Public unions, municipalities, and federal government always has that stigma towards them because of the higher wages and benefits that come with the job, It doesn’t matter to many average BC residents out there because that’s their assumption why a high paying position is asking for more every 3 years. It detracts people from seeking the truth (unless people like Jim do research and openly provide reasoning for each point that reach out maybe like 10 percent of people at best), which most us won’t because the information is sporadic at best, and takes too much time to look into.

        I think at this point, if Jim can debunk some of the “facts” and post it somewhere on his website in bullet forms, and it can be supported by BCTF and agree on. I would have more faith to support BCTF (or teachers, but I am just getting a vibe that its 2 separate entities here) because I know that only people who are debating on this blog now that might have cared for a few weeks, and forget about it in couple months or so. While majority of BC residents who were supposed to be the ones in this that has a bigger say in this dispute.

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      • jimnelson806 says:

        HI Dan; Thanks for taking the time to actually think about this situation; most people just vent against something they don¹t know much about.

        Here¹s some bullets for you, as requested;

        * The government is offering teachers a 6 year contract of annual salary cuts that is, less than the projected cost of living .This, after teachers have already had 3 years of zero % , six years of zero % in the last 14 years, and no salary increase that meets the rise in the cost of living since 2002.

        * Our firefighters and police recently received twice what the teachers are asking; 8.8% over 3 years. They deserve the raise, but compare the difference in public fuss…

        * Even so, the teachers are asking for a smaller pay cut- 8% over 5 years; less than the cost of the projected cost of living­ increase.

        * Negotiations weren’t going too badly between teachers and BCPSEA, until the government dismissed the BCPSEA negotiating team ,replacing them with Peter Cameron, who they gave a “net zero” mandate. He has, through 76 meetings, said “net zero” in response to everything. There is, and has been little negotiation in this dispute.Negotiation means discussing possible compromise.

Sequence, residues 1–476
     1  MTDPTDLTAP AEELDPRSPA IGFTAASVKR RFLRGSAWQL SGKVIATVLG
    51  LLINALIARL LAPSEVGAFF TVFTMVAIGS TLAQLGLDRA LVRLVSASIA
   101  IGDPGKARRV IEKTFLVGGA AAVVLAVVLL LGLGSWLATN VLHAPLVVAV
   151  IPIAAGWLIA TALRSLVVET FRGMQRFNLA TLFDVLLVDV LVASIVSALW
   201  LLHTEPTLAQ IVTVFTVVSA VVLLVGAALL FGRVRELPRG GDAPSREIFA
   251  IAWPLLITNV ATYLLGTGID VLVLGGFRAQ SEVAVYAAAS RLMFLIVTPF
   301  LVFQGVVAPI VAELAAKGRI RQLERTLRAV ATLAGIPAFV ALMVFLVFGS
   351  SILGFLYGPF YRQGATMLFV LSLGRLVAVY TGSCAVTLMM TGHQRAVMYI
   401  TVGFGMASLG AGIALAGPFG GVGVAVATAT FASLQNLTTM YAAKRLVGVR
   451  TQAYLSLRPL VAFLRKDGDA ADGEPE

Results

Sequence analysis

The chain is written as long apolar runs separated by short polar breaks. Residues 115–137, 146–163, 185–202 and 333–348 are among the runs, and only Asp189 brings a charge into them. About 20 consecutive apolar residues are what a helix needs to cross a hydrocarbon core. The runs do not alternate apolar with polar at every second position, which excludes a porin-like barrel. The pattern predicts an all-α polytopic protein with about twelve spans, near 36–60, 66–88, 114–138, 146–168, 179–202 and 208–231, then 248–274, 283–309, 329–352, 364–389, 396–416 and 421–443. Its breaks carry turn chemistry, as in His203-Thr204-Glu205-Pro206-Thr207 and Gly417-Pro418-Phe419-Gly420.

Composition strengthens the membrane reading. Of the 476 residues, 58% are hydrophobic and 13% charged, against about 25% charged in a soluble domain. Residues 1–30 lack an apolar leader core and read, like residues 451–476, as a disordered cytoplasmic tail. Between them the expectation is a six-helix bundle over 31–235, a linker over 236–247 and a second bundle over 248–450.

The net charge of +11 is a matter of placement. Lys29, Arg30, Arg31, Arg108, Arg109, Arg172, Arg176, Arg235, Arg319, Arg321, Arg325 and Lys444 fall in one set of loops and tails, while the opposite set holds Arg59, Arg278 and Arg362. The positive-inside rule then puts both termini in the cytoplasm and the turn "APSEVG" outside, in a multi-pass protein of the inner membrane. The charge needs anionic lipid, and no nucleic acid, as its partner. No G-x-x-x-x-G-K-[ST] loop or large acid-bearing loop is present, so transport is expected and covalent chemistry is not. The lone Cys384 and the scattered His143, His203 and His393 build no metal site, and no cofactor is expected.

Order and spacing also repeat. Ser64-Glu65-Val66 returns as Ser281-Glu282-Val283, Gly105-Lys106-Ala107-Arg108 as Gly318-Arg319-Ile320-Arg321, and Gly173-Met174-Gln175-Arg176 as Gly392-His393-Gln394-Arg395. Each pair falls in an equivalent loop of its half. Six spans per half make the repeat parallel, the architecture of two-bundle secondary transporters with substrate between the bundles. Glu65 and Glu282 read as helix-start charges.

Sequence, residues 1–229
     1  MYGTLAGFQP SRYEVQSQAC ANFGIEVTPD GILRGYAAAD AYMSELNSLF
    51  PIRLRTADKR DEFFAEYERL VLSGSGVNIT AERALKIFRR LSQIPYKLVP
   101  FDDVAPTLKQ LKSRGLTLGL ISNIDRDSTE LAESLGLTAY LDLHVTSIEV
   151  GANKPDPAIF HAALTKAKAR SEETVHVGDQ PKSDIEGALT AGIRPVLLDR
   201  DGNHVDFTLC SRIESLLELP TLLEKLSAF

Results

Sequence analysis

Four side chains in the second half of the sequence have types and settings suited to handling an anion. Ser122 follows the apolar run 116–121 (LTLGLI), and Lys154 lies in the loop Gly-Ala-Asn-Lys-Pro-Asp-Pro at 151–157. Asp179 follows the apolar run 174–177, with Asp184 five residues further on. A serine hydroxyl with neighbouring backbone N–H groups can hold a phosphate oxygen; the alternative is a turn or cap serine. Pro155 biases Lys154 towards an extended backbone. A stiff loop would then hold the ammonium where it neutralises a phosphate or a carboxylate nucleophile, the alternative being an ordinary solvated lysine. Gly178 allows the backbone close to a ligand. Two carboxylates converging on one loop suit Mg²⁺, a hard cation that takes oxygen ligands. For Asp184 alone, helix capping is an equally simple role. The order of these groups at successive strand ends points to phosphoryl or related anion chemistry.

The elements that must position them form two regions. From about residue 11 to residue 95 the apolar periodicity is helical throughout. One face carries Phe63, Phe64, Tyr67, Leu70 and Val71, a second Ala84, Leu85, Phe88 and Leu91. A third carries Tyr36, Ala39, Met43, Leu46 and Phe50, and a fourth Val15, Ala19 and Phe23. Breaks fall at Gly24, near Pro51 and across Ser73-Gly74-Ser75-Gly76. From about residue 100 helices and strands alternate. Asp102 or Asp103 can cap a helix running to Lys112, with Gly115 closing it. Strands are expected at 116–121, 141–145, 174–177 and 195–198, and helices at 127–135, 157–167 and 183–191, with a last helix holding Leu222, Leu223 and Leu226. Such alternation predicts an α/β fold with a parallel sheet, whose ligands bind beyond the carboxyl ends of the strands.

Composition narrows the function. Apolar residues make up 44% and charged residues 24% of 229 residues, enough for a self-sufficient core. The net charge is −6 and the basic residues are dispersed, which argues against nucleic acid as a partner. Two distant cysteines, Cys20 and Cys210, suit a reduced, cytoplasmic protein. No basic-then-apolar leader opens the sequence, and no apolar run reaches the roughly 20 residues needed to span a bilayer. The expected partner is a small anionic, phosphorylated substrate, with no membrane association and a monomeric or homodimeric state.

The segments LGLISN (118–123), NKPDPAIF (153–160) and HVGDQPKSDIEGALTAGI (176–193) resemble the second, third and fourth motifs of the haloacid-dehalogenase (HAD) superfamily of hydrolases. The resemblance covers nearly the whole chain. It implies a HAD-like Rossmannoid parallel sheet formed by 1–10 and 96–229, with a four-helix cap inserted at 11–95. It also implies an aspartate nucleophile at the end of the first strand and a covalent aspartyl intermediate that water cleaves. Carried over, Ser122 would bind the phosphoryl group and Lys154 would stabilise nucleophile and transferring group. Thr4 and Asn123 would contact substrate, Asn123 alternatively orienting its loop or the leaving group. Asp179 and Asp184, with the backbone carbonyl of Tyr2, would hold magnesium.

* The government says it has compromised;that they have ³moved² considerably during negotiations. Here¹s a summary of the “movement” the government claims:

        Reduced contract length

        – from 10 years of annual salary cuts to only six years of annual salary cuts. Government negotiator Peter Cameron says they have brought more salary money to the table.They have, but actually, they reduced their salary offer to teachers from 7.3% to 7% over six years. The B.C.T.F says the government reduced their salary offer.

        How can one side claim the salary offer was increased while the other side says it was reduced?

        Well, the original 7.3% salary offer included 6.5% of actual, new money ,and 1.3% which school districts would have to pay out of existing budgets; effectively cutting local funding by 1.3% each year for the term of the contract. The union said they didn¹t want a salary increase on the backs of students and school districts so Peter Cameron said ,” Oh, OK, we¹ll remove the part the districts would have to pay and instead offer 7% , 1/2% more “new money” than before, but .3% less than the original salary offer to teachers.

        Because originally the “new money” offered was 6.5% and is now 7%, Mr. Cameron quite correctly said they had increased their salary offer.

        The B.C.T.F. had originally been offered a 7.3% raise and now, the offer is 7% , .3%.less. The BCTF quite correctly com[lained that the government had reduced its salary offer.

        It¹s complicated , and most people aren¹t willing to listen to that much detail. ­

        So,imperceptible government movement on salary.

        signing bonus of $1200 per teacher.